NASHVILLE—During a state legislative debate this spring over requiring online retailer Amazon.com to collect sales taxes, Senate Finance Committee Vice Chairman Douglas Henry felt the need to 'fess up.
The Nashville Democrat, first elected to the General Assembly in the 1950s, acknowledged he hadn't paid sales taxes on books he bought from out-of-state online retailers.
"I need to write you a check for $100," Henry told Revenue Commissioner Richard Roberts. He said later he actually paid about $97.
But Henry's decision is pretty rare, state Revenue Department figures show.
Despite billions of dollars of online purchases, virtually no Tennessee consumers pay the "use tax" owed on items purchased from retailers that don't collect sales tax.
State figures show the state Revenue Department received only 3,041 consumer use tax returns in 2011. Those taxpayers remitted $4.78 million -- about 1.3 percent of the estimated $365 million in sales taxes that went uncollected by out-of-state online retailers for the year.
Most payments appeared to be for big-ticket items such as cars, trucks, boats and furniture purchased not online, but across the state border, state figures show.
IF NOT SALES, WHAT?
With no general income tax, Tennessee depends on its 7 percent sales tax for about 60 percent of its general fund. Local governments can levy up to 2.75 percent more.
A deal allowing Amazon to build fulfillment centers in Hamilton and Bradley counties and not collect state sales tax outraged traditional retailers, and several powerful lawmakers revolted. The forgone revenue has been estimated at $10.6 million to $40 million.
Republican Gov. Bill Haslam is pictured in this file photo. (Photo by Wade Payne, Special to the News Sentinel)
Gov. Bill Haslam persuaded Amazon to agree to begin collecting sales taxes in 2014, absent a national solution regarding Internet sales. He and other lawmakers, as well as Amazon officials, have vowed to push the state's congressional delegation to give states the authority to compel all online retailers to collect sales tax.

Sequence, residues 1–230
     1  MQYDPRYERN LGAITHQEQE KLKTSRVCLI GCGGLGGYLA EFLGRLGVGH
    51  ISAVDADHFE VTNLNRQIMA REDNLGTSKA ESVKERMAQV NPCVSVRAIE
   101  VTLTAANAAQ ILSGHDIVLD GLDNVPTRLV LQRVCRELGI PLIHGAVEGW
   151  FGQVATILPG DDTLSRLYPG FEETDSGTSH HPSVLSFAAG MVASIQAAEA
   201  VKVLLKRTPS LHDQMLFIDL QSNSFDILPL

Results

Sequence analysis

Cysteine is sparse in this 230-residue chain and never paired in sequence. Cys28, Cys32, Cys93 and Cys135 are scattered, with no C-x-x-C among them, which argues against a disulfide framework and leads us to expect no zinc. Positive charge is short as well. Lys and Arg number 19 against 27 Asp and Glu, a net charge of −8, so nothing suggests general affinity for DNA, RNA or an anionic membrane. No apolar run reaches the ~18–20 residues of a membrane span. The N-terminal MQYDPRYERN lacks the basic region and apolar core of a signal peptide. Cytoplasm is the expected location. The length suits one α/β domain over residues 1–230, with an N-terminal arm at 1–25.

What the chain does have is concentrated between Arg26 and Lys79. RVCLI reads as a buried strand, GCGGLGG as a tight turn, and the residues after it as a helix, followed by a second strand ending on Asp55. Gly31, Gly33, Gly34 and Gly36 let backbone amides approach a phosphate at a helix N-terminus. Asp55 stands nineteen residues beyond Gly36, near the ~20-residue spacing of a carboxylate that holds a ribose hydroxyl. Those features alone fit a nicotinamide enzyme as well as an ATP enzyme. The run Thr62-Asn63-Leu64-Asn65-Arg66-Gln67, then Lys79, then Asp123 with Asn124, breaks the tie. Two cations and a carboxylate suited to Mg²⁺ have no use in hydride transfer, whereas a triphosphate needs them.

Henry said that without a national solution, state sales tax collections will continue to shrink relative to the overall economy.
The state needs a reliable revenue source to pay for schools, roads and other services.
In the past, some proponents have argued unsuccessfully for a general state income tax, but such a tax is hugely unpopular. Henry said there's an effort under way to seek a state constitutional amendment banning a general income tax.
That leaves business taxes, but Henry noted the rates must remain competitive with those of other states.
Another option is to tax property, Henry said.
He noted Tennessee once had a statewide property tax. In fact, Henry said, the General Assembly in 1797 passed it as the state's first tax.
It was repealed in the 20th century, although cities and counties still use it to pay for their operations, he said.
SMALL FISH SWIM FREE
Meanwhile, the state shows relatively little appetite for going after consumers who make small online purchases, noted Dick Williams of Tennesseans for Fair Taxation.
That may make sense, Williams said.
"Part of the rationale for this is the tax is due, but it's not realistic for the Revenue Department to spend a lot of time raising what individually would be small amounts," Williams said. "Collectively it can be a significant amount."
The Revenue Department does seek to track large purchases through third-party research and information exchanges with federal and state agencies, including U.S. Customs and the Federal Aviation Administration.
Linda Kelley, the department's director of taxpayer and vehicle services, said officials last year issued 1,913 assessments for unpaid consumer use tax, including 267 assessments on aircraft.
And there's a cost to not paying the tax, whether because of negligence or fraud, Kelley said in an email.
"If the failure to pay taxes is determined to be due to negligence, the taxpayer would face a penalty in the amount of 10 percent of the tax due along with interest," she wrote.
In a fraud case, "the taxpayer would receive a 100 percent penalty along with the interest due."
So what does Revenue Commissioner Roberts make of the situation?
"Obviously it is a concern to the State of Tennessee," Kelley's email stated. "However we believe this matter is best addressed at the federal level."
Sen. Randy McNally, the Oak Ridge Republican who is chairman of the Senate Finance Committee, isn't surprised at the low rate of compliance.
"A lot of times people will order things and then they really don't notice there's not tax charges [and] that they owe the tax," McNally said.
Henry said he knew about the tax but added, "I wasn't paying attention."
No other Tennessee lawmaker has acknowledged being a scofflaw.
Andy Sher is a Nashville-based staff writer covering Tennessee state government and politics for the Times Free Press. A Washington correspondent from 1999-2005 for the Times Free Press, Andy previously headed up state Capitol coverage for The Chattanooga Times, worked as a state Capitol reporter for The Nashville Banner and was a contributor to The Tennessee Journal, among other publications. Andy worked for 17 years at The Chattanooga Times covering police, health care, county government, ...